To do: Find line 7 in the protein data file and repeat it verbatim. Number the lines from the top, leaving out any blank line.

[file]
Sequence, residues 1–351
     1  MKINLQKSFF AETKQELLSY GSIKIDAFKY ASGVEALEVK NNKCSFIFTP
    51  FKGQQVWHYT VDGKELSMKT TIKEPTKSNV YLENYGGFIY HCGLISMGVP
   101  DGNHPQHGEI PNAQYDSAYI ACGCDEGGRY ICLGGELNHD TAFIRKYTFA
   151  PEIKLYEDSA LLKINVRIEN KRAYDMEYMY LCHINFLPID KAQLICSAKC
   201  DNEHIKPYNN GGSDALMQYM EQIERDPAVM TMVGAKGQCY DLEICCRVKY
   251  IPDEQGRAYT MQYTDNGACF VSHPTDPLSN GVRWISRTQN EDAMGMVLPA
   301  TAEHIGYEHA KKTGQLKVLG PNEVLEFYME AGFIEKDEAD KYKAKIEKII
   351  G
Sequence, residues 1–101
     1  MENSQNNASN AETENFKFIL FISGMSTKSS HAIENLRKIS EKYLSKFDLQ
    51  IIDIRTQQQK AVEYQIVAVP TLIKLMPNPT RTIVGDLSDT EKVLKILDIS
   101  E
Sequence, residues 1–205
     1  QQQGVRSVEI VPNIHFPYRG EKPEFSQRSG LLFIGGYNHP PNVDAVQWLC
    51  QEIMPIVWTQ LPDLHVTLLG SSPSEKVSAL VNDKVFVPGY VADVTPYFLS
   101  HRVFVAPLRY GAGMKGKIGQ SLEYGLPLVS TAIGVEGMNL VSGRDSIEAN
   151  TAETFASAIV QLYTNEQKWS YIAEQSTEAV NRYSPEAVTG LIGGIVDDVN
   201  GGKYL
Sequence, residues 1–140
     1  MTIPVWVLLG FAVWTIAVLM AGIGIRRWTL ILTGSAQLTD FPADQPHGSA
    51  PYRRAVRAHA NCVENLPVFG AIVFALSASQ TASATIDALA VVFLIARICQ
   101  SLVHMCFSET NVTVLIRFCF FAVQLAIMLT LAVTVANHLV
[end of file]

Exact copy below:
   251  IPDEQGRAYT MQYTDNGACF VSHPTDPLSN GVRWISRTQN EDAMGMVLPA